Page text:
23. Kyle Ryan: 6'5", 180 lbs., LHP
Ryan was drafted by the Tigers in the 12th round of the 2010 draft. He has shown impressive durability and excellent pitchability. Ryan has continued to improve every year, and has the chance to be a back-of-the-rotation starter at the big league level. There is no reason to rush, as he does not have to be placed on the 40 man roster quite yet. He will get his first taste of the upper minors this season. It should be a good test for him.
Projected 2014 Team: Double-A Erie
Thanks to Jay Chipman for the video.
Big man can pitch! Ryan came into the Tigers organization as a gangly 6'5" left-hander who threw in the mid 80s and topped at 87 miles per hour. A few years later, he is still all arms and legs, but his fastball sits in the 87-90 mile per hour range with some run and sink, as most two-seamers do. He certainly has control of the fastball, and shows good command as well. In order to get outs at the big league level with below average velocity, it is imperative that Ryan's fastball command is excellent, especially if he is going to pitch at 88 mph most of the time.
In his first four full years as a pro, Ryan has made 88 starts and thrown 491 2/3 innings, which is extremely impressive. He has averaged two walks per nine innings over the duration of his minor league career. Ryan is a zone-pounder. While that has certainly worked in the low minors against inferior hitters, I am really interested to see what happens when he reaches Double-A this season, and potentially Triple-A in 2015. You see, low minors hitters -- who are typically not very advanced -- have trouble with lefty strike throwers; especially ones with big league curveballs, like Kyle possesses. The real test typically comes in Double-A, where the hitters are more advanced, and won't swing at pitcher's pitches as frequently.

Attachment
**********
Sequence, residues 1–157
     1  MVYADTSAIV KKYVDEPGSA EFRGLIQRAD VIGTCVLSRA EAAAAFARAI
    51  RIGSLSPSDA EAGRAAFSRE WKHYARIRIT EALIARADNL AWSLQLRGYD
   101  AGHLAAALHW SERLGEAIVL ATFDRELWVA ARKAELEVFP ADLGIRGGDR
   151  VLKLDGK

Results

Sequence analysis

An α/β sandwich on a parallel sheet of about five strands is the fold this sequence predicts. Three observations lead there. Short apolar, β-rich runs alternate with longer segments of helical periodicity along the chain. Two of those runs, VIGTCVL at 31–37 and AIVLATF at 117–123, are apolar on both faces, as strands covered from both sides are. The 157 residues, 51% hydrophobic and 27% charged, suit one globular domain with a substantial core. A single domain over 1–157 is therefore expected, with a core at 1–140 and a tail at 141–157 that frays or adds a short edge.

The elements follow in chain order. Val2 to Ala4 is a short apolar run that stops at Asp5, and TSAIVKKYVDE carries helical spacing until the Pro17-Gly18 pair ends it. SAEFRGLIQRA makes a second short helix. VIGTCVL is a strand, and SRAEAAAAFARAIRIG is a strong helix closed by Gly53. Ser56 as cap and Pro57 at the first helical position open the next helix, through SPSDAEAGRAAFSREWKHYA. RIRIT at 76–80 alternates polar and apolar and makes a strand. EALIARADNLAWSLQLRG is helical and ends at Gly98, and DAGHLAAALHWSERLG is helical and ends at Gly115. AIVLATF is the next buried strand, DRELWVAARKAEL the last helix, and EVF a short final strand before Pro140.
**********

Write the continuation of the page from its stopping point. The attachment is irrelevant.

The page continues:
As mentioned, Ryan has a solid average big league curveball at this time -- which he could easily refine into a plus pitch -- and a 'show me' change. His delivery is clean and repeatable, and he has no mechanical red flags to speak of. He doesn't have too much deception other than the long limbs, which is not a big concern. The advent of the change should help him against more advanced hitters, and a three-pitch mix with his control/command profile -- while not 'sexy' per se -- could work against major league hitters. Just a side note here: when you are evaluating talent, it's important to judge 'ceiling.' Ryan does not have a big ceiling, and that's fine. I like ceiling. I also like pitchers who get guys out. Kyle Ryan gets guys out, plain and simple. He knows how to pitch and stays healthy. If he can slightly refine his sequencing, along with his three pitch mix, he could be a lefty that throws in the majors for a few years. It's not like his profile is uncommon.
Even though it might take three more seasons for him to toil around in Double-A or Triple-A, don't give up on a lanky lefty like this. At the very least, he is going to get guys out in the upper minors for a long time. He probably doesn't have the stuff for the bullpen, so he will have to start. The Tigers seem like they have something here with this former 12th rounder. Even if he never reaches the majors, a pick that low contributing to the organization is a success. Jeff Jones may get his hands on him this spring, and with some command refinement, Ryan could be a big league contributor.